Understanding the Difference Between Vapor Barriers and Vapor Retarders
All building materials, no matter how solid, allow water vapor to pass through. It may be at a very fast rate or an excruciatingly slow rate, but water vapor passes nonetheless. The process is referred to as the material’s permeability or its permeance. Materials used to create vapor barriers or vapor retarders are given a rating system based on permeability and permeance. The rating is known as a ‘perm’. A low perm rating means that water vapor has a difficult time getting through the material so the material is an effective barrier. The higher the perm rating, the faster the rate at which water vapor passes through.
Perhaps it is the similarity in name, but builders, architects and designers often become confused over the difference between vapor barriers and vapor retarders. The definition of the differences is illustrated by the Building Science Corporation — a vapor barrier is defined as a layer with a permeance rating of 0.1 perm or less. A vapor retarder is defined as a layer with a permeance greater than 0.1 perm but less than or equal to 1 perm. This includes materials such as materials as polyethylene sheeting, aluminum foil, kraft paper facing, and vapor-retarding paint.
Many building professionals and manufacturers and some people use the term ‘vapor barrier’ to classify between a class-I vapor retarder and an impermeable material. Based on their perm rating, building products fall into one of three classes of vapor retarder. According to the 2009 IRC and the U.S. Department of Energy, the vapor retarder classifications are as follows:
This chart and more information on choosing the proper air and moisture barrier can be found in the DELTA-VENT SA Technical Guide.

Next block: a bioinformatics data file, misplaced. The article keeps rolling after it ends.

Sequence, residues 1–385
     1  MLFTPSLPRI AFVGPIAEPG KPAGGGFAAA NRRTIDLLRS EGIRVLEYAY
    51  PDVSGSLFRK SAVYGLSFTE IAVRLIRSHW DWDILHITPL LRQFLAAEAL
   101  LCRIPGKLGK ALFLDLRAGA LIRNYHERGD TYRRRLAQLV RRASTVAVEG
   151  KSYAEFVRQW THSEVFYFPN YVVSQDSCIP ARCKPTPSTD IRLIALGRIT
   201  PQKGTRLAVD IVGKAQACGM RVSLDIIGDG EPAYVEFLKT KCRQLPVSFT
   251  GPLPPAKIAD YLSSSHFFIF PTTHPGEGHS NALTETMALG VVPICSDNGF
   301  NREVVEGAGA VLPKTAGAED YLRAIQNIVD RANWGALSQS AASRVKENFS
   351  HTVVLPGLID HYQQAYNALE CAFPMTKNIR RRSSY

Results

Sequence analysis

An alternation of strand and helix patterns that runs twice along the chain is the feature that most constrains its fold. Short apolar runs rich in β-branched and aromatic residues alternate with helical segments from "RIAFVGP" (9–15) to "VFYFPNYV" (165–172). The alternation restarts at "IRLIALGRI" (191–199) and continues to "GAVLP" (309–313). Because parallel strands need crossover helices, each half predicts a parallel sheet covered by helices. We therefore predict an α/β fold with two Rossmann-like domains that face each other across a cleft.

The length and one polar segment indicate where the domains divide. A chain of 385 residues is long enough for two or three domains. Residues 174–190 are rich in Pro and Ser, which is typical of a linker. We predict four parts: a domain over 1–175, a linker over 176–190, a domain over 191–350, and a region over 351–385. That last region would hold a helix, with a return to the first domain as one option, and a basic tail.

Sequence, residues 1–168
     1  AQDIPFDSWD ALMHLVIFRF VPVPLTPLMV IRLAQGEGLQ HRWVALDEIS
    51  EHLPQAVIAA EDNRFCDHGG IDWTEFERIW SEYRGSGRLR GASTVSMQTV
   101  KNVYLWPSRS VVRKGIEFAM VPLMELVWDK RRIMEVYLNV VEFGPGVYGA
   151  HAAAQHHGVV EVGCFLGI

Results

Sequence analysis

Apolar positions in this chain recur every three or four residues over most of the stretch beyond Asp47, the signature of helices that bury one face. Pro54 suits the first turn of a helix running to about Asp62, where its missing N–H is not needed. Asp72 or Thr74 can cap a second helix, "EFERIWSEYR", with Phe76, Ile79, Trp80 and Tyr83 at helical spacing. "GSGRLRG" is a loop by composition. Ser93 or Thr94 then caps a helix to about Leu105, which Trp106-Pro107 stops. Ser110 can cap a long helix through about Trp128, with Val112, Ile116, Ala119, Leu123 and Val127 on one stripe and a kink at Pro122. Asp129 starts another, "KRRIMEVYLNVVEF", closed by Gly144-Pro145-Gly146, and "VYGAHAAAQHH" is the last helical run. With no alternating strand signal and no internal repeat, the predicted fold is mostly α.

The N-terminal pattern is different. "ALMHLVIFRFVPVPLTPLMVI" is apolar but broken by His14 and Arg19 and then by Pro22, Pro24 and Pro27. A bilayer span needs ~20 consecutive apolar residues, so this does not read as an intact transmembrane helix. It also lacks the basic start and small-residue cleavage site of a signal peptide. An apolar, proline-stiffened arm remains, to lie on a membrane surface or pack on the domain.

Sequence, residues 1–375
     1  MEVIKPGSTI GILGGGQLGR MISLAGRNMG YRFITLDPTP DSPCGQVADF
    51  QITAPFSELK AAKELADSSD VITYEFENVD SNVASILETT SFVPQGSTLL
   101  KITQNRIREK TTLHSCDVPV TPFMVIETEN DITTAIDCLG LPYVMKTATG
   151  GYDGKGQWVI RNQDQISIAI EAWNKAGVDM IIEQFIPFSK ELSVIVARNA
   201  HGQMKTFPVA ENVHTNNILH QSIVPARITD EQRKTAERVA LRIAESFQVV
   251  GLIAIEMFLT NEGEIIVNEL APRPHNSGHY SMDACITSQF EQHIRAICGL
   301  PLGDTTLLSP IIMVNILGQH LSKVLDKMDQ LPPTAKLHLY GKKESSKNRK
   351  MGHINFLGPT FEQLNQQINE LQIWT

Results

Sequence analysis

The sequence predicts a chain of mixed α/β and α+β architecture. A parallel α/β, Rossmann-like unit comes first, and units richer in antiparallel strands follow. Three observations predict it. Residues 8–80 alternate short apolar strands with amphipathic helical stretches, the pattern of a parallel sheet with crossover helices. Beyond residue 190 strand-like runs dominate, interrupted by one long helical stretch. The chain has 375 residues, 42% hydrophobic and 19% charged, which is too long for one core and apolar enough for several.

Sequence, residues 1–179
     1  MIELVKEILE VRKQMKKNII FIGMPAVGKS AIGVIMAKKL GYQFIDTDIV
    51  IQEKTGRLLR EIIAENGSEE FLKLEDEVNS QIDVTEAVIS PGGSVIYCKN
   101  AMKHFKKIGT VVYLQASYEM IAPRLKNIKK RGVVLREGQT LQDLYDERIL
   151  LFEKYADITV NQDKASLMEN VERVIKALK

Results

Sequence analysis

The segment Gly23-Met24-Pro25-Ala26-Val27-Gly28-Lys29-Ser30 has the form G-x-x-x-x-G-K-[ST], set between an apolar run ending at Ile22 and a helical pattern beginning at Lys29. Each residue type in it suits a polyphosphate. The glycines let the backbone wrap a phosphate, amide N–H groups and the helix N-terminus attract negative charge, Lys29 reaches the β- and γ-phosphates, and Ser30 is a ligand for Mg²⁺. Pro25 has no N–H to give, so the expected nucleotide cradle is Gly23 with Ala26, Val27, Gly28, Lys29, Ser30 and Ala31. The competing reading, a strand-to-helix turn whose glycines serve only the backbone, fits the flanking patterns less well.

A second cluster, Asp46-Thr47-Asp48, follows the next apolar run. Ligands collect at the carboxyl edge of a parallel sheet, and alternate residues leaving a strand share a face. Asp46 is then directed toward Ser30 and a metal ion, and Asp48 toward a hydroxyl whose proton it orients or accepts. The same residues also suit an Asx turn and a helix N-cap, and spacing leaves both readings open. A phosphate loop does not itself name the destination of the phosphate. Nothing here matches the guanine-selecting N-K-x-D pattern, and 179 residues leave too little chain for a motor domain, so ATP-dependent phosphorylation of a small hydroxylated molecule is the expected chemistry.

Although many areas of the country strictly follow the IRC definition of the differences between vapor barriers and vapor retarders, some areas of the United States still adhere to the 2006 International Energy Conservation Code (IECC) which states that a vapor retarder is a material that has a permeance of 1 perm or less and does not acknowledge vapor barriers at all. The definition clearly includes vapor-retarding paint, polyethylene sheeting, aluminum foil and kraft paper facing.
Even though different areas of the country follow varying guidelines, there remains a general consensus that class I vapor retarders are generally considered to be vapor barriers and are normally referred to as such instead of vapor retarders. The accepted nationwide definition of a vapor barrier remains that it is not a permeable material, unlike a vapor retarder, which effectively stops the movement of water vapor.
Any time a vapor barrier or a vapor retarder must be used, the deciding factor of which material is implemented remains the climate zone it is being installed within. Various climates require various moisture control considerations. In areas of the United States with exceptionally warm and humid climates, e.g. Florida, it is recommended to install a vapor retarding layer near the exterior side of wall assemblies, according to the North American Insulation Manufacturers Association.
This is chart is another tool found in the the DELTA-VENT SA Technical Guide.
At Cosella Dorken, our knowledgeable staff is here to answer any questions you might have pertaining to vapor barriers and vapor retarders in commercial construction. We have been in the construction industry for over a hundred years and we still continue to take a strong leadership role as the manufacturer of premium quality products.
Cosella-Dörken delivers innovative, high-performance air and moisture barriers for commercial and residential construction sold under the DELTA® brand name. A North American manufacturer based out of Beamsville, Ontario, Cosella-Dörken Products, Inc. is a subsidiary of Ewald Dörken AG, a leading European developer and manufacturer of waterproofing and drainage products sold worldwide. Cosella-Dörken is known for delivering premium products while providing educational programs and full technical support. For more information, call 1-888-4DELTA4 (433-5824) or visit www.cosella-dorken.com.